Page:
$$\begin{aligned} \max F^Z = \lambda \sum _{i \in I} h_i \sum _{j\in J} x_{ij} \end{aligned}$$
(28)

subject to

$$\begin{aligned} x_{ij} + \sum _{o\in J} e^{-\beta t_{io}} z_{ijo}&= e^{-\beta t_{ij}} w_{j1}&i \in I, j \in J \end{aligned}$$
(29)
$$\begin{aligned} z_{ijo}&\le x_{ij}&i \in I, j,o \in J \end{aligned}$$
(30)
$$\begin{aligned} z_{ijo}&\le M_1 w_{p1}&i \in I, j,o \in J \end{aligned}$$
(31)
$$\begin{aligned} z_{ijo}&\ge x_{ij} - M_2(1 - w_{p1})&i \in I, j,o \in J \end{aligned}$$
(32)
$$\begin{aligned} \sum _{j\in J} \sum _{k=1}^K w_{jk}&\le Q_{\max } \end{aligned}$$
(33)
$$\begin{aligned} w_{jk+1}&\le w_{jk}&j\in J, k = 1, 2,\ldots , K-1\end{aligned}$$
(34)
$$\begin{aligned} \lambda \sum _{i \in I} h_i x_{ij}&\ge R_{\min }w_{j1}&j\in J \end{aligned}$$
(35)
$$\begin{aligned} \lambda \sum _{i \in I} h_i x_{ij}&\le \sum _{k=1}^K \nabla \lambda _k w_{jk}&j\in J\end{aligned}$$
(36)
$$\begin{aligned} x_{ij}&\ge 0&i \in I, j \in J \end{aligned}$$
(37)
$$\begin{aligned} z_{ijo}&\ge 0&i \in I, j,o \in J \end{aligned}$$
(38)
$$\begin{aligned} w_{jk}&\in \{0,1\}&j \in J, k = 1,2,\ldots , K \end{aligned}$$
(39)

Basics of discrete choice analysis

The MNL is well known for analyzing discrete choice decisions of individuals (McFadden 1973, 2001). Let \(N\) be the set of individuals (customers, clients etc.), \(M\) the choice set (set of alternatives the individual chooses from), and \(L\) the set of attributes or characteristics (attractiveness determinants). The choice set \(M\) must be exhaustive and the alternatives have to be mutually exclusive. Roughly speaking, all alternatives the individuals face have to be included in the choice set. Individual \(n \in N\) chooses exactly one alternative from choice set \(M\). In the discrete choice modeling literature it is assumed that an individual \(n \in N\) chooses alternative \(j\in M\) that maximizes utility (see Train 2003, for example). That is, \(n\) chooses \(j\), iff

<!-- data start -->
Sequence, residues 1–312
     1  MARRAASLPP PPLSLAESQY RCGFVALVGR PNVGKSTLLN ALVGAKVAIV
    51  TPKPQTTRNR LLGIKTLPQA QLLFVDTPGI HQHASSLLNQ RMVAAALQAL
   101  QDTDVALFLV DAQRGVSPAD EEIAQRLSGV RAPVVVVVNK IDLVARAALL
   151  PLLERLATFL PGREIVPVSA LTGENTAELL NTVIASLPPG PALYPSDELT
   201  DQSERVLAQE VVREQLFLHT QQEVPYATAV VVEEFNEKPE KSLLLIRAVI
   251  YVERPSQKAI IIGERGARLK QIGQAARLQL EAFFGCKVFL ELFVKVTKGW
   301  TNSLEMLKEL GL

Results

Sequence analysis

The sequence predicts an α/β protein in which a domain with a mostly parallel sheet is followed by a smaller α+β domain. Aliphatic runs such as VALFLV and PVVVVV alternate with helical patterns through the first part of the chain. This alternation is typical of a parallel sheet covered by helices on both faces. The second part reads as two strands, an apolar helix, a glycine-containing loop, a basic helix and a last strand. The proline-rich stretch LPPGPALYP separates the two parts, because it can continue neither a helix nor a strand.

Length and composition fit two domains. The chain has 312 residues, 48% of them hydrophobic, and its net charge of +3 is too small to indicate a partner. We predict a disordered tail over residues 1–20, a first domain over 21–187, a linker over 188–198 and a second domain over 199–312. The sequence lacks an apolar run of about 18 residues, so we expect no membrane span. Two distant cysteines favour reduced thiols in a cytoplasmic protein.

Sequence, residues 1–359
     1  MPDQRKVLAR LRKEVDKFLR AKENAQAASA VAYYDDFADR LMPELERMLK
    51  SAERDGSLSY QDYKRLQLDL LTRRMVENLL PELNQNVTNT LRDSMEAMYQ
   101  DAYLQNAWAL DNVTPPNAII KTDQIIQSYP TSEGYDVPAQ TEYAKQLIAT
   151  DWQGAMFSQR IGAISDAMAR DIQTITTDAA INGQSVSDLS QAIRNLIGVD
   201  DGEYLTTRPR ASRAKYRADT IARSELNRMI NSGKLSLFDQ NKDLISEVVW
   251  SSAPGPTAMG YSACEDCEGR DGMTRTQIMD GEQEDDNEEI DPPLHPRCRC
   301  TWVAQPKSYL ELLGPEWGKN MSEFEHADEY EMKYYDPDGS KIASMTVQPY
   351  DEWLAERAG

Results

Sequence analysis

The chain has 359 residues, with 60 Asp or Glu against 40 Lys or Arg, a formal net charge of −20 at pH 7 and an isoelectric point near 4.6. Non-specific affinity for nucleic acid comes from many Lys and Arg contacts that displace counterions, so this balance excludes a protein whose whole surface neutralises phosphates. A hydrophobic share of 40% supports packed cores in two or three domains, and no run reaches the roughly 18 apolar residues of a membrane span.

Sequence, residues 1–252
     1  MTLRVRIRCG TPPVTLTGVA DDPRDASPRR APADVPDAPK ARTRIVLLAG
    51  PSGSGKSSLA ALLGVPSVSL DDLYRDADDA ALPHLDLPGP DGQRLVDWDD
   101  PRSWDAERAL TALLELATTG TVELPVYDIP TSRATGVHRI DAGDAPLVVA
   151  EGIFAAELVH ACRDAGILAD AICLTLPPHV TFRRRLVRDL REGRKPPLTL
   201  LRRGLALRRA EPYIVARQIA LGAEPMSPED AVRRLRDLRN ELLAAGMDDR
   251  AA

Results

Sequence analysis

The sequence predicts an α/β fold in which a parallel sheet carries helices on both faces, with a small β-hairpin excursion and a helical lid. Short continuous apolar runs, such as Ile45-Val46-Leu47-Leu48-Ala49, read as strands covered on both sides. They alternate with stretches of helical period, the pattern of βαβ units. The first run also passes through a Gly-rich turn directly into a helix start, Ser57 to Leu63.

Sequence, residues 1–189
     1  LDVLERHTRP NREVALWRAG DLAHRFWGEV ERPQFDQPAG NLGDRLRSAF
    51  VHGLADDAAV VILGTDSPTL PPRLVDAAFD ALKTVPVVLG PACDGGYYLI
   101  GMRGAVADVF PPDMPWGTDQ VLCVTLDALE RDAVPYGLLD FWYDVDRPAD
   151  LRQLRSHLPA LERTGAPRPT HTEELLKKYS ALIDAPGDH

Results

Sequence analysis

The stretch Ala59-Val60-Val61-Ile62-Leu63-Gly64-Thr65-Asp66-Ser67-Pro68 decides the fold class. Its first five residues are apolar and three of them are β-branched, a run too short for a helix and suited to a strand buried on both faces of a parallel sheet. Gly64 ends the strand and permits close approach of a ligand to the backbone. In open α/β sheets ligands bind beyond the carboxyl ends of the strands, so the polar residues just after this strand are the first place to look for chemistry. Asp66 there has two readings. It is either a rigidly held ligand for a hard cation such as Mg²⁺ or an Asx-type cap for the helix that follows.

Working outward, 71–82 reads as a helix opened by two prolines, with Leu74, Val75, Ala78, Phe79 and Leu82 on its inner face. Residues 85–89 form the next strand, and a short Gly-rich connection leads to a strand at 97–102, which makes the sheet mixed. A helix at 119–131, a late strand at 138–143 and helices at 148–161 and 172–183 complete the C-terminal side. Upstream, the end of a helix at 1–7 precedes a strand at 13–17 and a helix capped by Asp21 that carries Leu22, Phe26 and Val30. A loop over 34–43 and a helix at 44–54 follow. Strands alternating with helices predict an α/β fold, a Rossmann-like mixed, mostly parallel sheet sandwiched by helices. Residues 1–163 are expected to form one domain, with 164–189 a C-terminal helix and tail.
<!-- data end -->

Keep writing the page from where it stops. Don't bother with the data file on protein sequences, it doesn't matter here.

$$\begin{aligned} u_{nj} > u_{nm} \quad \forall \ m \in M, m \ne j. \end{aligned}$$
(40)

The utility \(u_{nj}\) of alternative \(j\) for individual \(n\) consists of a deterministic component \(v_{nj}\) and a stochastic component \(\epsilon _{nj}\), i.e.

$$\begin{aligned} u_{nj} = v_{nj} + \epsilon _{nj}. \end{aligned}$$
(41)

Usually, the deterministic component is modeled as a linear function:

$$\begin{aligned} v_{nj} = \sum _{l\in L} \beta _{jl}c_{njl} , \end{aligned}$$
(42)